Autumn Photography Quick Tips
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|Category:||Landscape and Travel|
Autumn Photography Quick Shooting Suggestions - Here's a quick overview of Autumn shooting suggestions to kick October off.
Photo by David Clapp.
A polarising filter will cut out the reflections you can get from the surface of a leaf, and if you're heading off to the woods, it's a good idea to take a tripod along for the longer exposures you'll need to use in the darker conditions. A cable or remote release will also be handy as you'll be able to set the exposure going without having to touch the camera's shutter button, minimising the chances of shake spoiling your shot. If you don't have a release but do own a Smart Phone, some cameras, such as the brand-new Olympus OM-D E-M1, can now be remotely controlled with them. You'll need to download an App (the Olmypus one is titled Olympus Image Share) to be able to wirelessly control your camera. Take a look in your camera's manual to see if it's compatible with this technology.
If you want to add backlight to a leaf but the sun's not playing ball pocket your off camera flash or if the sun is out you may need the flash on the other side to stop the leaf appearing as a silhouette.
A forest decorated in Autumnal shades is always worth a wide shot or two. If you're at ground level try and find some foreground interest to fill the space and to give the viewer something to focus/guide their eye through the rest of the photograph. A large rock, bolder or bench will contrast well against the colourful scenery. Climb out of the valley and onto the hillside and you'll have a picturesque landscape that's a patchwork of greens, reds, oranges and yellows. Try shooting a panorama if it's a particularly impressive scene.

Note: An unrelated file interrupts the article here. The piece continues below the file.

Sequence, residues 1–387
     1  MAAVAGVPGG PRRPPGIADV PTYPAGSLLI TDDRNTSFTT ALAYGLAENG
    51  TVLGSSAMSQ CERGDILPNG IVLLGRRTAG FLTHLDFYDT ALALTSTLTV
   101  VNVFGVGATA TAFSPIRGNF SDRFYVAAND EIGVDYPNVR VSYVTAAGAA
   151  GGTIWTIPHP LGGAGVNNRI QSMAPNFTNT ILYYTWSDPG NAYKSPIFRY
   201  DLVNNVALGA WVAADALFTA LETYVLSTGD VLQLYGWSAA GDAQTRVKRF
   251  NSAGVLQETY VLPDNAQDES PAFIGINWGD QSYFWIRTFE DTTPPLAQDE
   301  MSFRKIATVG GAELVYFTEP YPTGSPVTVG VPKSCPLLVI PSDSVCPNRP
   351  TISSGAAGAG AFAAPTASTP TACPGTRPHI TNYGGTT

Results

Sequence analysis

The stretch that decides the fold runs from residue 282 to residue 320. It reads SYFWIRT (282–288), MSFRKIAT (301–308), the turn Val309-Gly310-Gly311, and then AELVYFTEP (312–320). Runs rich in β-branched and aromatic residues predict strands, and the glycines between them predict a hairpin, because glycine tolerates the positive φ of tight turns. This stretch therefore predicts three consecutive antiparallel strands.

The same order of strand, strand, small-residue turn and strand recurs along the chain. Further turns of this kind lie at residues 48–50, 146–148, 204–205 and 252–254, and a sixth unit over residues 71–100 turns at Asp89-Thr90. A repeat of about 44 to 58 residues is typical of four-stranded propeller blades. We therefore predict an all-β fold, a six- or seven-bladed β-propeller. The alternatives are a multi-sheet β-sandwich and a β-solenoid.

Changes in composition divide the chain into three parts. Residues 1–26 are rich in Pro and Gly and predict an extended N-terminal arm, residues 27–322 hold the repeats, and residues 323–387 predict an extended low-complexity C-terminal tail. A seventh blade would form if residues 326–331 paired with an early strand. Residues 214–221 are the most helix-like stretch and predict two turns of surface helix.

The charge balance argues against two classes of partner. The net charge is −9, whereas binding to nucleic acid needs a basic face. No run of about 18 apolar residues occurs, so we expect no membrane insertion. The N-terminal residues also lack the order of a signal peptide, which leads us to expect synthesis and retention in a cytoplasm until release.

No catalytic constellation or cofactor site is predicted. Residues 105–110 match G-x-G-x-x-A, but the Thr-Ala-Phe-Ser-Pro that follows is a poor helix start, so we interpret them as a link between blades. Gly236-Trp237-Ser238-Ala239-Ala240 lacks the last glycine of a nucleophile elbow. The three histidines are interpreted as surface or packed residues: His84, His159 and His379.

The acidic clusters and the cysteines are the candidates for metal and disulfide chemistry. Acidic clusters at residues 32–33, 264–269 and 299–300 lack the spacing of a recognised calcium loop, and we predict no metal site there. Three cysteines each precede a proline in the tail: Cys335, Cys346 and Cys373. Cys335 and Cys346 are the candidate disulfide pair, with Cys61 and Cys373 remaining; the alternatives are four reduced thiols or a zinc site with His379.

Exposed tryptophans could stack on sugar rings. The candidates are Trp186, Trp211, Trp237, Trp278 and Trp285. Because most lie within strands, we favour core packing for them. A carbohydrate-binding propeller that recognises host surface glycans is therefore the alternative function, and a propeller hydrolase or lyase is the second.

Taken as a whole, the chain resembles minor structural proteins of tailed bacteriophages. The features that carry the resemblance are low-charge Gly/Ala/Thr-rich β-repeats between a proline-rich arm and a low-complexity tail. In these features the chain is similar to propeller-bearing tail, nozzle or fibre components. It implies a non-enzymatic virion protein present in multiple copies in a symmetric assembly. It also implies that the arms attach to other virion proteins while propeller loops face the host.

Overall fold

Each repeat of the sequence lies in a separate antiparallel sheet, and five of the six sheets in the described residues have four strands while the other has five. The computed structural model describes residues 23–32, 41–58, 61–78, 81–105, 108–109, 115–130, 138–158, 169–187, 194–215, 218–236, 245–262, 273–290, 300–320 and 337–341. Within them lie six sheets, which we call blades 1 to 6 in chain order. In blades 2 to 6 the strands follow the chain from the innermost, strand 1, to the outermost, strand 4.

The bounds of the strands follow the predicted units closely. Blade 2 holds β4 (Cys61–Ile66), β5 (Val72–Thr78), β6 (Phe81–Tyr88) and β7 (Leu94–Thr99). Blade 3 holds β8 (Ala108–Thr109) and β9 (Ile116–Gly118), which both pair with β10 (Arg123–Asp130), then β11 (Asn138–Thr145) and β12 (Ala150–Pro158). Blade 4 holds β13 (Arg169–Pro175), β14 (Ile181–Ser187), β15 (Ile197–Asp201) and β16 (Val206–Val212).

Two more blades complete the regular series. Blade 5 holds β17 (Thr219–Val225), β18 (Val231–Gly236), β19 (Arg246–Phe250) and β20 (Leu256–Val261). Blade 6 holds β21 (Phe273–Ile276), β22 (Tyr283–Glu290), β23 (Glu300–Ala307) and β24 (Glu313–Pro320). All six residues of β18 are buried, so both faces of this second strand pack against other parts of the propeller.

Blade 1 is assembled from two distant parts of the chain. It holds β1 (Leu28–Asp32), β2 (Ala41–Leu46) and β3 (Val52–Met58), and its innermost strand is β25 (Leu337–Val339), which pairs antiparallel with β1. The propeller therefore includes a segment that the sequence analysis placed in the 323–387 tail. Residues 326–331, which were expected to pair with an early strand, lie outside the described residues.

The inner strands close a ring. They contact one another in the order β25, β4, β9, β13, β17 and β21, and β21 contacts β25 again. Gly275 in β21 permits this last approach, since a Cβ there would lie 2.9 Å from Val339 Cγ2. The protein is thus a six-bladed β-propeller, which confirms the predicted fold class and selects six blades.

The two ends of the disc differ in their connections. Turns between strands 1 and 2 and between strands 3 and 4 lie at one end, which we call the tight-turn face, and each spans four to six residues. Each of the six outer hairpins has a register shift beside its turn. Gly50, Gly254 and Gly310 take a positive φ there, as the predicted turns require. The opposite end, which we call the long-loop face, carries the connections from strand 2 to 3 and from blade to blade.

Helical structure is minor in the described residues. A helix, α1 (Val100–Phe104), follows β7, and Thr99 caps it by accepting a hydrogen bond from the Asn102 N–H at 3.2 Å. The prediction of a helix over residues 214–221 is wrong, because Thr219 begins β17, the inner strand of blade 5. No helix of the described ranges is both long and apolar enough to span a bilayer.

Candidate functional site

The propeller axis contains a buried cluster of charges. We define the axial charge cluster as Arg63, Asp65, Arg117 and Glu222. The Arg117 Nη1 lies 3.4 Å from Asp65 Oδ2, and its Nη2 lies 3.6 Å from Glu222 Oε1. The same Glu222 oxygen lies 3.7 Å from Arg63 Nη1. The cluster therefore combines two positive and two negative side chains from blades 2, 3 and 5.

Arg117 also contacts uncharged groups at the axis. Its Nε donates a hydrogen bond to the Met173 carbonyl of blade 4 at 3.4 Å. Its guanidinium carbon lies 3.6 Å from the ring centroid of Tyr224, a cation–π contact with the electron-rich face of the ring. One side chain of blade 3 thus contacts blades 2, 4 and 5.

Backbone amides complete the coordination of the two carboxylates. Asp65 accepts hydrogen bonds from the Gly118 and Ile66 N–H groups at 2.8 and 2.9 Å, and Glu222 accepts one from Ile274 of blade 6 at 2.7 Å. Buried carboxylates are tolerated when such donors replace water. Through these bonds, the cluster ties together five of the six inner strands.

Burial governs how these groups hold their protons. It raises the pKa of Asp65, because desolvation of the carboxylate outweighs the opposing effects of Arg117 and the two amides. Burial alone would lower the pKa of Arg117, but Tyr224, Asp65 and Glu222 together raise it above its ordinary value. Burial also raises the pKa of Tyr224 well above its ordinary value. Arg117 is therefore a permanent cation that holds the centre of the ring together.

If you can kick the bed covers off early try to head out at dawn when fog/mist will still be lingering around as a landscape of colourful trees with morning mist slowly crawling across it always looks impressive. It works particularly well if you're on a hillside looking down over a valley, but you can have just as much success down on the ground among the trees. Here you may need slightly longer exposure times, though, so make sure you have your tripod to hand.
Once you're back down off the hill, take a closer look at the leaves for shapes and patterns worth a quick snap. Clusters of leaves that have fallen on the ground are great for backgrounds while the veins of an individual leaf will give you an interesting abstract shot. If you're emphasising the patterns found in the leaves try lighting from the side or to give the autumnal colours some punch, add some backlight. You may need a little fill-in flash to stop the leaf silhouetting against the sky and use a small F number to really throw the rest of the leaves dangling on the tree out of focus.
If you have a stream or river near by use slow shutter speeds to blur the water as it passes the leaves decorating the banks or if there are a few rocks in the river where the leaves have fallen, fill the frame with them and use the blurred water as a frame.